Indeed, with this motto in mind, Ira has made his own major contribution to the Torah world in the form of a programme that he started when he was just 19 and still studying in yeshiva – he would enter the business world at 21. The programme, called Masmid Gohova, gives prizes to learners from grades six to eight for throwing themselves into their limudei kodesh studies. The more they learn, the more points they accumulate; the more points they have, the more likely they are to win a variety of prizes, ranging from free pizzas to bicycles. What started off as a small programme aimed at a couple dozen kids has ballooned into a national programme that has incentivised thousands of Jewish children each year to improve their Torah learning.

At Home and At Work

One thing about Rabbi Meir Zlotowitz that is mentioned not just by Ira but by the rest of his family and in every single obituary written about him following his passing two years ago was that he was a humble, soft-spoken man who would treat those around him with the sort of personal attention that utterly belies the fact that he was at the head of both a thriving publishing business and a large, no less thriving family. His employees loved and respected him for it and his wife and children enjoyed the sort of love and attention from their husband and father that is all too often sadly lacking in the households of the mega-successful.

This extraordinary aspect of his father is emphasised both by Ira and in tributes paid to Rabbi Zlotowitz by his brothers and sisters. “My father was a strong family man, who imparted in us the importance of tradition and in living a true Torah life.” Ira and his siblings have both told stories how no matter how busy their father was, he would always make time for them, both in terms of helping them with homework, driving lessons, or just taking time out of his day to chat with them about whatever was on their mind.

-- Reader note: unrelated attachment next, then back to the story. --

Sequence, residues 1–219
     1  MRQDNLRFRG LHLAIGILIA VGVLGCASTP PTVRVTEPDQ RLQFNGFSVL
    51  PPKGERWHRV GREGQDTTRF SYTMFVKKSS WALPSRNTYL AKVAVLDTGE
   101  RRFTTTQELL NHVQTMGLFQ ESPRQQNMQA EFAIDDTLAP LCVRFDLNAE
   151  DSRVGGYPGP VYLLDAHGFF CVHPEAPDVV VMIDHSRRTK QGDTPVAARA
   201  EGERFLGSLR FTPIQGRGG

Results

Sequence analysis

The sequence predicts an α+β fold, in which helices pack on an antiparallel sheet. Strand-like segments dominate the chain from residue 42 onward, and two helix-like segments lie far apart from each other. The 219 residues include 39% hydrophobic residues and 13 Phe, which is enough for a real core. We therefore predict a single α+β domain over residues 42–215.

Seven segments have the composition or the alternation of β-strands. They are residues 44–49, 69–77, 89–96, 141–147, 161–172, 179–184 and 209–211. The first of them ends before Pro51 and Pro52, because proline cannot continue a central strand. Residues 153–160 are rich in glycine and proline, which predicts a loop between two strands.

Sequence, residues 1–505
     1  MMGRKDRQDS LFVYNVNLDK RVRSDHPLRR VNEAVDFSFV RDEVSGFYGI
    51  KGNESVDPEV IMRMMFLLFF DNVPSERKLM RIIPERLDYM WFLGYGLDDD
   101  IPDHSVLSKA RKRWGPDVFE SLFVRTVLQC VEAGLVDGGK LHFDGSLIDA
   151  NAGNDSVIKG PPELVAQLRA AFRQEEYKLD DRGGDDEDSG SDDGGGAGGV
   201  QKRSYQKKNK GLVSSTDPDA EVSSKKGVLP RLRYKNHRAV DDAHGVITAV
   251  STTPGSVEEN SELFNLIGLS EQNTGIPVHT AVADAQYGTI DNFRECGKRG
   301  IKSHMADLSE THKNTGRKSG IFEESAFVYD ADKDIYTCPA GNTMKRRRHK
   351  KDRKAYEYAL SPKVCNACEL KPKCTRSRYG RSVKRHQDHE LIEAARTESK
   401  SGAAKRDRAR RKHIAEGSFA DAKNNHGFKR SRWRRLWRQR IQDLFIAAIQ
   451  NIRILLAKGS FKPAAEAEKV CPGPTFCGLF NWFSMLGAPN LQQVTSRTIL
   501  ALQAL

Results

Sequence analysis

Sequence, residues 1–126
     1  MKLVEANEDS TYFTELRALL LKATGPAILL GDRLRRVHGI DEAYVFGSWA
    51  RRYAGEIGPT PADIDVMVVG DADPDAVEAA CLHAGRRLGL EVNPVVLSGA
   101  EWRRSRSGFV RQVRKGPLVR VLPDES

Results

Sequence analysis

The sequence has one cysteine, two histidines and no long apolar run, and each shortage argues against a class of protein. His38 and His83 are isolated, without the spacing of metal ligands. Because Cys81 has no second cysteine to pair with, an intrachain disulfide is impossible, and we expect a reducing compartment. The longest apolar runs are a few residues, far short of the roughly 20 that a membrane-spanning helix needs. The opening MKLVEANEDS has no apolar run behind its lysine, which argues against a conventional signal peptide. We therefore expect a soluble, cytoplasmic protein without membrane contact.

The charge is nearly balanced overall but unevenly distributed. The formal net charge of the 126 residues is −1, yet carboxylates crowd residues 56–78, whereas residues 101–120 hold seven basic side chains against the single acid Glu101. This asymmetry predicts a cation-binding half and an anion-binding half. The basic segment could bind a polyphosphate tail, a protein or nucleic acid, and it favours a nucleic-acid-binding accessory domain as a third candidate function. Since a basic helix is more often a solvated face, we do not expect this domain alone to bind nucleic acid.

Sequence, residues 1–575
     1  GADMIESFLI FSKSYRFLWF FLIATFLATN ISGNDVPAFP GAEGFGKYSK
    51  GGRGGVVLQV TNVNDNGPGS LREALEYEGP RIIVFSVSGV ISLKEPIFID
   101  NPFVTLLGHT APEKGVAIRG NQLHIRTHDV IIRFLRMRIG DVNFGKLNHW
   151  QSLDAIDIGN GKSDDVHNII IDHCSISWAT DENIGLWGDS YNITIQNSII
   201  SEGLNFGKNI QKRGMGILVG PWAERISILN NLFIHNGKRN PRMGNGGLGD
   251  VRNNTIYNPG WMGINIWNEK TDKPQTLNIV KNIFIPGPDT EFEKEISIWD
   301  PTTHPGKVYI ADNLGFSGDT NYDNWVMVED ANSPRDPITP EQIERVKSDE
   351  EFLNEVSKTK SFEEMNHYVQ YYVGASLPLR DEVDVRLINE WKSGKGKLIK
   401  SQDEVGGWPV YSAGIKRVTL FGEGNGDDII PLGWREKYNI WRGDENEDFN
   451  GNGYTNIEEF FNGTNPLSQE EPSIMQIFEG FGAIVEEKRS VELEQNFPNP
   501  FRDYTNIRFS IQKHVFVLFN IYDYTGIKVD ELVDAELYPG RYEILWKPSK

This is no doubt why, despite Rabbi Zlotowitz’s status as a true leader and visionary to the Jewish world at large, Ira and his siblings talk about him not in terms of Artscroll, but in terms of his being a father, a mentor, and role model to them. Ira also notes that he was born just as Artscroll was starting to really take off and that, despite his father’s rapidly increasing fame, it was never really a “thing” to him and that his father was never anything other than his beloved father. And that was always more than enough.

Along with his prestigious publishing company and his many children and grandchildren, Rabbi Meir Zlotowitz’s legacy also continues on a website that has been created in his memory, Klal Govoha ( that “publishes weekly titbits that every Jew should know about” and on the minyan-finder website, goDaven ( that is maintained by Klal Govoah and is in the process of being revamped.